Could Kiwi code play a role in Crimea?

TOM PULLAR-STRECKER
Last updated 13:04 11/03/2014

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Ukrainian-speaking and Russians-speaking communities in the Ukraine may use software developed by Wellington co-operative Loomio to help pick up the pieces in the shattered country.

Loomio's open-source software lets people put forward proposals that can be discussed, modified, voted on and vetoed through an online forum.  

Its 11,000 users include the Wellington City Council and healthcare provider Pathways.

Co-operative member Alanna Krause said the co-op had received requests from both Ukrainian-speaking and Russian-speaking communities in the Ukraine to translate its cloud-based software into their languages, after civil unrest and the actions of armed men creating division in the country.

Loomio hoped to finish translating the tool into Russian and Ukrainian within weeks, Krause said.

It was not unusual for it to receive inquiries from overseas after major social changes, she said.

"Every time there is a democracy movement in the world we end up getting contacted by people in those movements," Krause said.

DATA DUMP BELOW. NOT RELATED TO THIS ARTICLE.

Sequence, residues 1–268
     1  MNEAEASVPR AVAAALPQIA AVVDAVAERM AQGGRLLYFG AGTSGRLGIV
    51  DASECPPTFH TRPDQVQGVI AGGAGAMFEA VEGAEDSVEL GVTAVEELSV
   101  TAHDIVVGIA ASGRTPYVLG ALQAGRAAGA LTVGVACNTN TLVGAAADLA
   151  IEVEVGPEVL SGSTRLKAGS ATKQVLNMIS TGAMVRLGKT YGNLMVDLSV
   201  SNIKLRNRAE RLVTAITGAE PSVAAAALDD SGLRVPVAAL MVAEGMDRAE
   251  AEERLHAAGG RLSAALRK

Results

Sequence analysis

"That happened last year when there were big student movements in Hungary, and in South America.

"Tools like Twitter can help you spark a riot, but Loomio can help you sew society back up afterwards.

"A democracy movement in Greece, where there is also a lot of political unrest, has started Loomio groups for every town and region in the country to rethink civil democracy."

The co-operative, which has 12 fulltime staff and is based at the Enspiral "social impact hub" in Allen St, was born out of the Occupy Wall Street movement.

It today kicked off a campaign through crowdfunding platform CrowdtiltOpen to raise at least US$100,000 (NZ$118,000) for a new version of its software that would support access from mobile devices such as smartphones.

If the campaign raised US$250,000, Loomio could qualify for a 40 per cent matching grant from government agency Callaghan Innovation that would also let it support SMS so its software could be used where there was no broadband coverage, Krause said.

"The world needs a better way to make decisions together. We're feeling more urgency than ever to get Loomio out into the world."

People who contributed more than $25 to its crowdfunding campaign would get early access to its new software and those that paid at least $2500 would be entitled to consulting packages at special rates, Krause said.

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- The Dominion Post

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